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Dear White Women

Dec 13, 2022

It’s December, the time of year when it seems like regardless of whether you celebrate Christmas or Hannukkah or Kwanzaa or anything else or nothing at all, our schedules get busy. And lots of times, this busyness centers around food, be it potluck gatherings at work, holiday parties, big family dinners, or even coffee and treats with friends - because food brings us together as human beings better than almost anything else.

But what happens when the foods you have are scoffed at by the folks around you? How does it feel to be made to feel “different” from the other Americans around you based on your cultural heritage? How do you get kids to try new flavors and learn real history, let’s be honest, at this stage in the melting pot game, what makes something American, anyway? We’re here to talk about all that and more with an award-winning veteran journalist Michelle Li - who also created the Very Asian Foundation after a super shocking (now viral) viewer comment in response to her comment about dumplings on television.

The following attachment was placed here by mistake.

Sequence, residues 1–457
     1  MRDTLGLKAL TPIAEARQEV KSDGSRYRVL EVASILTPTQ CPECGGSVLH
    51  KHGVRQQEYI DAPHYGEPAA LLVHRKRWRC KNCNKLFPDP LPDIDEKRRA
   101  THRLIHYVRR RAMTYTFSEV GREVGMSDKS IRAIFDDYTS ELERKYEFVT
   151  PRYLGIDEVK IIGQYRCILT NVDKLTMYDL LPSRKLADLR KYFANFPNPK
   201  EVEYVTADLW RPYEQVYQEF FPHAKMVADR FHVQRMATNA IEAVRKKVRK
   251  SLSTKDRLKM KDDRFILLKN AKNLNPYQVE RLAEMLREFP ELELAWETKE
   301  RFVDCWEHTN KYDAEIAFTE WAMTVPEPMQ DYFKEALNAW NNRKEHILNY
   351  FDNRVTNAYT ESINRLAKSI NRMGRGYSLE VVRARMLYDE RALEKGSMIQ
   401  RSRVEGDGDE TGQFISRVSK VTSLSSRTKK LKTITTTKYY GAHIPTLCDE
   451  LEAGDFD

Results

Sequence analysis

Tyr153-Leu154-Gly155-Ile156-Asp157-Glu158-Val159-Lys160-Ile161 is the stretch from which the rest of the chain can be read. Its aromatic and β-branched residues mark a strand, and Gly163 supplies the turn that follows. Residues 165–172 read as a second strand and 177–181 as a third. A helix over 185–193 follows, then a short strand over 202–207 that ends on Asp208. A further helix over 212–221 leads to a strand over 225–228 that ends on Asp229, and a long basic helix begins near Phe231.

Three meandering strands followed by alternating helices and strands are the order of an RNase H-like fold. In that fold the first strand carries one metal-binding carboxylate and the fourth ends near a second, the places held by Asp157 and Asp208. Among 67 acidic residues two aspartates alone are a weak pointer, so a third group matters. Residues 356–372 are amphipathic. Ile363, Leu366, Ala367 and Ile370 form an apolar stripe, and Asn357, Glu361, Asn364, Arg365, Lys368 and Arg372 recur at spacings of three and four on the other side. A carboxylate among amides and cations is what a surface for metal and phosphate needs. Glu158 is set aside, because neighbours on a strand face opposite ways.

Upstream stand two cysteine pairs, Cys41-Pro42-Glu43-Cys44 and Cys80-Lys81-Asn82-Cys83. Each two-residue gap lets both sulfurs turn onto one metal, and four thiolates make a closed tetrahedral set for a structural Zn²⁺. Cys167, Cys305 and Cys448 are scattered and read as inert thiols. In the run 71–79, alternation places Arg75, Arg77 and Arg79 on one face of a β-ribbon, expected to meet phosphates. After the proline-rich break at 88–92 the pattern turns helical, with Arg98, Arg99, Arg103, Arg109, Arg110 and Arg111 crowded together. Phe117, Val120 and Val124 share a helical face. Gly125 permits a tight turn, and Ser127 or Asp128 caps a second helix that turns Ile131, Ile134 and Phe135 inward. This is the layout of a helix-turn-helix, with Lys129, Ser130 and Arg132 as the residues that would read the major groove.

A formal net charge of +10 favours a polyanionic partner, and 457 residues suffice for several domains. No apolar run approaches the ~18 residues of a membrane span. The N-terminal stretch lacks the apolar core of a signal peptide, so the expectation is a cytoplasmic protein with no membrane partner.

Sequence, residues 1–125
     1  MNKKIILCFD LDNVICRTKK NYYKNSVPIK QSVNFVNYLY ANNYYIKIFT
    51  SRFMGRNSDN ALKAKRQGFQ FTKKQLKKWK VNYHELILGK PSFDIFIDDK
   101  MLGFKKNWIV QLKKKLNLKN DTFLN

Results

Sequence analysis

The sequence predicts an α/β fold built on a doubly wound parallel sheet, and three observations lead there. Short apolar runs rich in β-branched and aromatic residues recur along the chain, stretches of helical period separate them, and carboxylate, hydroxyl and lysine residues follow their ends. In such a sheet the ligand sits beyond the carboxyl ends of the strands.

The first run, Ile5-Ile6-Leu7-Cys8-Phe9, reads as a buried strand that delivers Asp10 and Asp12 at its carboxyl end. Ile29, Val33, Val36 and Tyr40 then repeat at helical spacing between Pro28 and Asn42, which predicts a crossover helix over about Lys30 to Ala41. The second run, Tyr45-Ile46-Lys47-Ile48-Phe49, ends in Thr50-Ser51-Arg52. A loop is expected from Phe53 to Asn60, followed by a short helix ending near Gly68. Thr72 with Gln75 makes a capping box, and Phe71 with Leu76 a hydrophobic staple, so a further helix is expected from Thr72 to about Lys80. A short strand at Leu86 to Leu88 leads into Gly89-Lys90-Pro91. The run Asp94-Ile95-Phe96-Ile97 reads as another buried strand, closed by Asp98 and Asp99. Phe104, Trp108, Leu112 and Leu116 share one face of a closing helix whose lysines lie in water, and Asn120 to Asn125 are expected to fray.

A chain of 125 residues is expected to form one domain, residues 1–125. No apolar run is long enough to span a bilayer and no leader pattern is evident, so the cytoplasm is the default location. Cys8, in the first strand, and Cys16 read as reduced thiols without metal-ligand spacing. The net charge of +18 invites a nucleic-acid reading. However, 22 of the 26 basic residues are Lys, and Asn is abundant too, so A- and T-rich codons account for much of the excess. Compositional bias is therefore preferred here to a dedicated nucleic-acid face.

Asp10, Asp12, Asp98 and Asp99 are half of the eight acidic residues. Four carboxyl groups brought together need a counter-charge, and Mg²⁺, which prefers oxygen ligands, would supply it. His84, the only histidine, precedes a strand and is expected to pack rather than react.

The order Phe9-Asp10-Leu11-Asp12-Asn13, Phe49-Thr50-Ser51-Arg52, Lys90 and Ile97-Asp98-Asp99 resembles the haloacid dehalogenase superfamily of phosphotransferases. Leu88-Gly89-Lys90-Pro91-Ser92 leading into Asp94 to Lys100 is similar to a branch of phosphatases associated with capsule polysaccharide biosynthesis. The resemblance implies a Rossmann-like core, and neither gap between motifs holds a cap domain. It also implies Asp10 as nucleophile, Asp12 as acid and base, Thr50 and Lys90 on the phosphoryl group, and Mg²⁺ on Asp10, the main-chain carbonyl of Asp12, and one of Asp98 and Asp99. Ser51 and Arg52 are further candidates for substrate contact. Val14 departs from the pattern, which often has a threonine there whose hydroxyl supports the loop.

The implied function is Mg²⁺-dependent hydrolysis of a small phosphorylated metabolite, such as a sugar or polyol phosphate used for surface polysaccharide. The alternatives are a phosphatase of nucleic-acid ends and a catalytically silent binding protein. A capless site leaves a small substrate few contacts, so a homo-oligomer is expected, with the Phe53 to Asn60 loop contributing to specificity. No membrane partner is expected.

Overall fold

What to listen for: 

  • The viral video after a voicemail from a White woman that inspired the launch of the Very Asian Foundation
  • “I won’t let you yuck someone else’s yum” - and the importance of food in identity
  • The role that books play - there’s a huge book recommendation list! - in helping folks connect with their identity and the shared history we experience

About Michelle:  Michelle Li is an award-winning, veteran journalist who co-launched The Very Asian Foundation in January 2022 alongside friend and fellow journalist Gia Vang. Her response to a racist voicemail became a global movement of unity and caught the attention of The Ellen Show. Ellen’s monetary gift of $15,000 helped start the seed money to create a nonprofit focused on shining a light on Asian experiences through advocacy and celebration.  Michelle spent many years supporting adoptees through heritage camps and volunteer tours to Korea. She also launched a program to support Missouri children in foster care. All of this led to a congressional award in 2010. Michelle’s journalistic work has been honored with a national Peabody Award, several national Murrows, and multiple regional Emmys– often dealing with race or gender inequities. Michelle has appeared on CNN, NBC, CBS, ABC, and The Washington Post. Michelle currently resides in St. Louis with her family. She is @michellelitv on most platforms. A Very Asian Guide to Korean Food is her first children's book.